The Forest Service is constantly researching alternative options for energy resources. We are also working to reduce greenhouse gas emissions by reducing energy use and searching for renewable energy options. As a federal agency, we hope to become energy neutral by 2020.
Americans use vast amounts of different energy sources every day and depend on several non-renewable sources. The Forest Service researches renewable energy in order to diversify future energy options. Working with the USDA and their renewable energy research stations, we track energy usage, study methods for reducing greenhouse gas emissions, and analyze how to improve energy efficiency.
The Strategic Energy Framework publication provides specific Forest Service goals and charts a course to achieve these goals. This framework helps the Forest Service become more energy efficient, demonstrates effective sustainable management, and sets standards of energy practices for Americans to follow.
The USDA created an Energy Investments Map and a Renewable Energy Resources Map to illustrate what type of energy is used in different locations across the Unites States. These maps also illustrate type and quantity of USDA energy investments for that area.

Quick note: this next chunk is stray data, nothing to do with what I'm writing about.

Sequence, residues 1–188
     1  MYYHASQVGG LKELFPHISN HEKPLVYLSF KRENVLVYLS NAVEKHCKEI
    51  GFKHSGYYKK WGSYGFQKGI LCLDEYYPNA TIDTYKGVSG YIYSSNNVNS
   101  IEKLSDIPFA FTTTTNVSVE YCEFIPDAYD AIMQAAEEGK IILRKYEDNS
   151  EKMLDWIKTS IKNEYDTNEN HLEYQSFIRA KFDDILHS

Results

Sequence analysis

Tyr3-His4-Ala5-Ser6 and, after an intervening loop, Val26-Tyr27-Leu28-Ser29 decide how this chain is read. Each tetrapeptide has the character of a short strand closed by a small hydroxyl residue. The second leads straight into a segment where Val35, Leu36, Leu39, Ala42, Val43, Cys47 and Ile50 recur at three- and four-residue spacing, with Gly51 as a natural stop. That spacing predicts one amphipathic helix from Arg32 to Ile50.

A priority research area of the Forest Service’s research and development program, biomass and bioenergy scientists focus on finding alternative sources to replace petroleum. The United States depends on petroleum for products and services such as fuels, food, transportation and energy. The decrease in the availability of petroleum supplies is leading to an increase in costs for these goods. Scientists hope to replace 36 billion gallons of transportation fuels with biofuels, and 16 billion gallons with cellulosic feedstocks annually.
How you can become more energy efficient:
- Avoid using your cell phone when it has low reception — it uses more energy than normal
- Open the windows and doors to get good air flow instead of using air conditioning
- When boiling water, measure the correct amount of water and cover the pot. It will make the water boil faster and use less energy
- Use LED lights for holiday decorations instead of normal lights
- Don’t use a screen saver on your computer — the monitor uses 40 percent of the energy of the whole computer
- Use light sensors, hand air dryers, and faucets with motion detectors to reduce energy use
- Seal air leaks around windows and doors in the home with weather stripping or caulk
- Install a programmable thermostat
- Replace burned out lightbulbs with new energy efficient bulbs
- Look for the “Energy Star” label when purchasing new appliances
- Turn off lights, appliances, and electronics when not in use
- Power down computers at work over the weekend and during vacation time
- Clean or change furnace or air conditioning filters regularly
- Set water heater temperature to 120 degrees Fahrenheit
- Use low-flow faucets and shower heads